After spending 15 years in the historic downtown jail, Dawson County Chamber of Commerce officials felt it was time to break out.
The business-promoting organization has been considering the move from downtown Dawsonville for many years.
“It’s been a long time coming,” said Linda Williams, chamber president. “Although we love being downtown ... the majority of our membership favors us having a more prominent location.”
Chamber officials have selected a new site and will close on the deal July 19.
The 2,500-square-foot building, located on Ga. 400 just north of Kroger, will help the organization “increase presence to tourists, visitors and travelers,” Williams said.
“What we specifically want to do is attract that drive-through traveler that may or may not be stopping at the [outlet] mall on the way into the mountains,” she said.
The building’s size, which is more than double that of the current office, will allow chamber staff more storage ability and room for local promotion.
“We’d outgrown the old building a long time ago,” said Williams, adding that there will be a larger reception area and display cases to promote business, artwork and community announcements.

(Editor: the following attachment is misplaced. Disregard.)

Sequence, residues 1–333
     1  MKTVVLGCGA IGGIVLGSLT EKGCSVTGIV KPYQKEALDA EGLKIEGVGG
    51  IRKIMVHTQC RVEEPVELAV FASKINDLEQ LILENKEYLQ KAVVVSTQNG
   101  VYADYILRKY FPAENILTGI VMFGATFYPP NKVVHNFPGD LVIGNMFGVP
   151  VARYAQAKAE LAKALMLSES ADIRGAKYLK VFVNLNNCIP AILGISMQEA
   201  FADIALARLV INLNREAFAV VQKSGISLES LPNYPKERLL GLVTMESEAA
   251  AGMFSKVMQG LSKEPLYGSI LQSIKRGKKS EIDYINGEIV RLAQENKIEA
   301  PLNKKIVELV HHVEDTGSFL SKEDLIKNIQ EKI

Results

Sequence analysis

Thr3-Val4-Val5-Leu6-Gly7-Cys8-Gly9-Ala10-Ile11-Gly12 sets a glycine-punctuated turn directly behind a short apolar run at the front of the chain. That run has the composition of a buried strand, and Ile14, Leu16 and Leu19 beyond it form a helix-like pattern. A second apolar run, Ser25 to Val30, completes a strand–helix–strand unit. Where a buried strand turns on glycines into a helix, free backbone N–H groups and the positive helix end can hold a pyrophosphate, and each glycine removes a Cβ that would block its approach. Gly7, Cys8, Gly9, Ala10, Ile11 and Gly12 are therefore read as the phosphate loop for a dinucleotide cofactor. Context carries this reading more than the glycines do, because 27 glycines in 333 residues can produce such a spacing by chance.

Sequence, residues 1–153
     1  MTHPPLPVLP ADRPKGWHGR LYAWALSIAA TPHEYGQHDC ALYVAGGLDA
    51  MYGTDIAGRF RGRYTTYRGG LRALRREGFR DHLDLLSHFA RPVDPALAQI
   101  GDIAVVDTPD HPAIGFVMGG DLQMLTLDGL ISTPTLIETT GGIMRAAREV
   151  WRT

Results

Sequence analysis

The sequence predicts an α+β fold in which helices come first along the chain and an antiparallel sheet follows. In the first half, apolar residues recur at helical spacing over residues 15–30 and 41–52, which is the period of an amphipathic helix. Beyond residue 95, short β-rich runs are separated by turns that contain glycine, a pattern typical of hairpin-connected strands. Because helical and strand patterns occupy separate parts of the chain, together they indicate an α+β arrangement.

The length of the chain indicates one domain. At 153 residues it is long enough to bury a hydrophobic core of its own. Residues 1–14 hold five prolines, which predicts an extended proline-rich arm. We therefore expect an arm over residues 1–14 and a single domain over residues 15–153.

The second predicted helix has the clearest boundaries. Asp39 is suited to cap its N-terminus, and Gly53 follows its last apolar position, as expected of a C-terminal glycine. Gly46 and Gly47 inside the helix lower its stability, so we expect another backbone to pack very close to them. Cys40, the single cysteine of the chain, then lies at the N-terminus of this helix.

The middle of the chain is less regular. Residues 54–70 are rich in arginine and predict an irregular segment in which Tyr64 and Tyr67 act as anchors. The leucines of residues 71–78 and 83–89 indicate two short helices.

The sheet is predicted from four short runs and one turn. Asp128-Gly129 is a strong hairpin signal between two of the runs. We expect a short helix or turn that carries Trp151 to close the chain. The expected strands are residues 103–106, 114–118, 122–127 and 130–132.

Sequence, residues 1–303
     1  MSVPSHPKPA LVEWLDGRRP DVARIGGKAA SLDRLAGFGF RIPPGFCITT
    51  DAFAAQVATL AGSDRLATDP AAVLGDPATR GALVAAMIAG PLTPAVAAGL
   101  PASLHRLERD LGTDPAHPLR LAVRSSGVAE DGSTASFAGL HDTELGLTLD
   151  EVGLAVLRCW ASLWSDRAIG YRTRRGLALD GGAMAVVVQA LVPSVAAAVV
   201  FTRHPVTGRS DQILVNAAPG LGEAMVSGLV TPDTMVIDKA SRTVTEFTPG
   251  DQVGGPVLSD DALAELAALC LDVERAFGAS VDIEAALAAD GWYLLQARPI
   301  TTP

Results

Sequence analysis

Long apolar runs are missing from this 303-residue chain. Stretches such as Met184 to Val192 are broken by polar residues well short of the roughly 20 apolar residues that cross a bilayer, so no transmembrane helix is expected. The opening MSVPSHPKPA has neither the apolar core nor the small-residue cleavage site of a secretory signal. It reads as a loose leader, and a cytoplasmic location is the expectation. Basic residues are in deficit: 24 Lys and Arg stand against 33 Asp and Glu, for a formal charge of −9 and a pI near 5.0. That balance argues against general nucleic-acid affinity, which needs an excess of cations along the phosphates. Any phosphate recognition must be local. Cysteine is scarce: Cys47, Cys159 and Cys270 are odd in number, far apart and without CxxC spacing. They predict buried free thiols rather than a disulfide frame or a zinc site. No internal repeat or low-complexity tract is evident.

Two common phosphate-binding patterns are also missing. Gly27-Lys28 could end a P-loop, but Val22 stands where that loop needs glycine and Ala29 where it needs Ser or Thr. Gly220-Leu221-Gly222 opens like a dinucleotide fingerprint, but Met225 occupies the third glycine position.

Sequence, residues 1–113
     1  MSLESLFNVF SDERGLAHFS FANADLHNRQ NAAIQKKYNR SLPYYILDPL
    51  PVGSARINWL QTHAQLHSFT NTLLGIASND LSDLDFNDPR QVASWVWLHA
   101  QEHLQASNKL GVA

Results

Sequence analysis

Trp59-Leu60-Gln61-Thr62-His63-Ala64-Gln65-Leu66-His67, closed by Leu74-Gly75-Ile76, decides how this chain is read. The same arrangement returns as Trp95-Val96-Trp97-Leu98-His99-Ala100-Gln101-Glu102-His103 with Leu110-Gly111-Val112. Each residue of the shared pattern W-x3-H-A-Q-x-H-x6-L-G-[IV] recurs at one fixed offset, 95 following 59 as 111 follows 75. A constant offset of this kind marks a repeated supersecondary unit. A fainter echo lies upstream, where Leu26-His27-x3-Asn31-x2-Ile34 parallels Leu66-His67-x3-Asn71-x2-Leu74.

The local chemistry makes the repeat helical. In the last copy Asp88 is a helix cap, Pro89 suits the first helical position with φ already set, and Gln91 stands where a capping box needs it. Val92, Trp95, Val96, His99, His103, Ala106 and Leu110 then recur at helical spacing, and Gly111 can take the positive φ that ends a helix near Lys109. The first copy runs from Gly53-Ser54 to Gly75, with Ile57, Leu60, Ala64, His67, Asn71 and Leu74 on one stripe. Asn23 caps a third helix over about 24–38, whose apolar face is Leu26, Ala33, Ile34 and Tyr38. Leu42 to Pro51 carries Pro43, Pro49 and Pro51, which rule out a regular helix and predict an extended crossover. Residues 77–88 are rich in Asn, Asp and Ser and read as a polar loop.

The purchase of the $580,000 building was made possible through various sponsors in the community, Williams said.
The chamber moved into the historic jail in 1995. The building, which is owned by the county’s government, was given to the chamber rent-free because of a grant.
In return, the chamber paid for renovations to the facility.
Williams said chamber staff members plan to move into the new building off Ga. 400 in mid-August.
It’s not certain what will become of the historic jail, though Commission Chairman Mike Berg said “it will be utilized.”
“We’ll do something with it. It won’t sit empty,” said Berg, adding that possibilities are somewhat limited because of its historical designation.
The building was added to the National Register of Historic Places in 1985. The register is a list of districts, sites, buildings and structures deemed worthy of preservation by the U.S. government.
Williams said the chamber is grateful for its time in the old jail, but the changing scope of the organization calls for new headquarters.
“Not only do we serve the business community here, but it’s our job to promote the county as a tourist destination, and this will enhance everything we can do in that regard,” she said.